On and on, the pattern would repeat. In the late ’80s, Le Château expanded aggressively into the United States, opening more than 20 stores and a warehouse. In the early 1990s, it bid a hasty retreat from the same market amid significant losses. Solid growth in the late ’90s gave way to a tumbling share price in 2000. By 2006, shares were back up, but sales were unexpectedly down. That same year, after exploring a sale of the company, Segal announced that he would once again step away from the business, handing the reins to his wife, Jane Silverstone Segal, now chair and CEO, and long-time company president Emilia Di Raddo.
The current crisis enveloping Le Château is the first serious one to strike the company under the new management team. Like all the others before it, though, Rocchi is confident that this one too shall pass. “I’ve been here over 30 years,” he says, and he’s never felt that the company was in danger. Rocchi isn’t alone, either. Barry Gruman, a retired retail-analyst-turned-independent-investor in Montreal, spent the last year, along with his wife, Molly, buying up ever larger chunks of Le Château stock. Today he owns 4.1 million shares, or 18% of the company’s outstanding stock, a figure second only to Silverstone Segal’s 25%. (Franklin Templeton Investments owns another 16% of Le Château’s outstanding shares. Herschel Segal holds 11%).
Gruman says there’s no big mystery behind his aggressive buying streak. “I think its selling for a lot less than it should be,” he says. “The company had had very consistent profits [until] about a year ago.” (Gruman also insists that he is nothing but a passive investor. “It would be a mistake to think I’m taking a run at the company,” he says.)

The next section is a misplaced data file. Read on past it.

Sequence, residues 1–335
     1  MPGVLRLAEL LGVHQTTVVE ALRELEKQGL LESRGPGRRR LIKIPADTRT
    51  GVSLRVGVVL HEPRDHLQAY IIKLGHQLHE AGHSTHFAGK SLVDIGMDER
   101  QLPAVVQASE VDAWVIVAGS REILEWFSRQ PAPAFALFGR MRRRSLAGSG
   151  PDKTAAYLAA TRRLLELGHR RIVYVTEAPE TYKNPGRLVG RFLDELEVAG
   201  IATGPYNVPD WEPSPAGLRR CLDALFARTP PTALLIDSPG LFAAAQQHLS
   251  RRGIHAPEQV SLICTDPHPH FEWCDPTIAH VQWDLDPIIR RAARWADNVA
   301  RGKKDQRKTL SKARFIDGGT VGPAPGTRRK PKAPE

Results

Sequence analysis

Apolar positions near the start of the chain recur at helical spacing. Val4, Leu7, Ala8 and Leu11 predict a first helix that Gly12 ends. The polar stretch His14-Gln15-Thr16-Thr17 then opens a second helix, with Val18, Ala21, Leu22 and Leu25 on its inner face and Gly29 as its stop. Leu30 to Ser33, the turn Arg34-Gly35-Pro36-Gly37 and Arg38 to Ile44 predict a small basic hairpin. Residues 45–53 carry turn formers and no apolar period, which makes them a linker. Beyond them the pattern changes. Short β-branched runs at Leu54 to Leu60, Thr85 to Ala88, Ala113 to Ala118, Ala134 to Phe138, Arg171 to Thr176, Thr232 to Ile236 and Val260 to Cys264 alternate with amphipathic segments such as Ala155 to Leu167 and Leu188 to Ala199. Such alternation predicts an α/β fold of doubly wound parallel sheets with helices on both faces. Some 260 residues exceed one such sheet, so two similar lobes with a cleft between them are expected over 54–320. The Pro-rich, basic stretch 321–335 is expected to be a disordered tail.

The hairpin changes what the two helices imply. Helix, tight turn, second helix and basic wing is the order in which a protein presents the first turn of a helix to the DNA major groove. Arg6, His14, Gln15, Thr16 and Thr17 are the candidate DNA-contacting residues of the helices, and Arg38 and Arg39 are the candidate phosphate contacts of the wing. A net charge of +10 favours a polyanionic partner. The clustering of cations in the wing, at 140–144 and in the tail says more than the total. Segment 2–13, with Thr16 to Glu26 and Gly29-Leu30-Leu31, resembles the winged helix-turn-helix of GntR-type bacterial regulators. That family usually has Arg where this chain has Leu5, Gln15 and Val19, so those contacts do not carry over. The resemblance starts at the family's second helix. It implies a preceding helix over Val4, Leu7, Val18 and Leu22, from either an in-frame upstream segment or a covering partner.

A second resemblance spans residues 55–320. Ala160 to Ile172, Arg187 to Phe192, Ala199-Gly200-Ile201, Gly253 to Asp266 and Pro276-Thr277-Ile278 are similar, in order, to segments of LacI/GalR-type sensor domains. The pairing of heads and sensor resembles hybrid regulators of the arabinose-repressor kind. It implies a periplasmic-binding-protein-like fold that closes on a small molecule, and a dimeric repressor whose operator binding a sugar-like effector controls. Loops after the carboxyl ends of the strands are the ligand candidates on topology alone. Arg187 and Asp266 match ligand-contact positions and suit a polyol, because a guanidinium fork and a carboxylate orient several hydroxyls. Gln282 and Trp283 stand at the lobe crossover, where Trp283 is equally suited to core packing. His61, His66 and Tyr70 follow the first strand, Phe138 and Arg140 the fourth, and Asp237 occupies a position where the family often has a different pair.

Retail watchers, too, believe there is merit in Le Château’s new upscale strategy—if the company can pull it off. “That somewhat older market, it’s a much more stable market,” says Wendy Evans, the founder of Evans and Co. Consultants. “So I think, business-wise, if they can effect the change, then there would be good rewards at the end.” Poljsak, from Fusion Retail Analytics, agrees. “The most successful retailers go after the least crowded, most profitable categories,” he says. “So while it may not be the sexy choice to walk away from young female shoppers, moving against the grain could mean big things for Le Château—and their bottom line.”
For his part, Rocchi sees big things to come from the company’s growing online store, where sales were up 92% in the third quarter of 2012. He’s also encouraged by the performance of its small stable of international locations, which are all operated by licensees. (There are 10 Le Château stores already in the Middle East, including in Dubai and Saudi Arabia. Another opened in Ho Chin Minh City earlier this year, with a Hanoi location opening soon.)
Still, the success of the company’s turnaround hinges on its Canadian bricks-and-mortar stores. And there, challenges remain. The company lost $8.9 million in the nine-month period that ended Oct. 27. That’s up from a $3.5 million loss in the same stretch a year earlier. Comparable store sales and store traffic were also down. Rocchi wouldn’t say when he expects Le Château to return to profitability, but did say “we’ve taken a lot of steps to ensure” the company returns to the black.
But this is not an easy time to be a Canadian retailer, especially a struggling one, says Ed Strapagiel, a longtime retail consultant. The retail market is weak across the country, he says, and with the arrival of Target, the competition is about to get much stiffer. Still, Strapagiel believes Le Château has reason to hope. “They’re a long-established, well-recognized Canadian fashion retailer,” he says. “They’ve weathered a lot of storms, and I’m not ready to count them down and out. Not by a long shot.”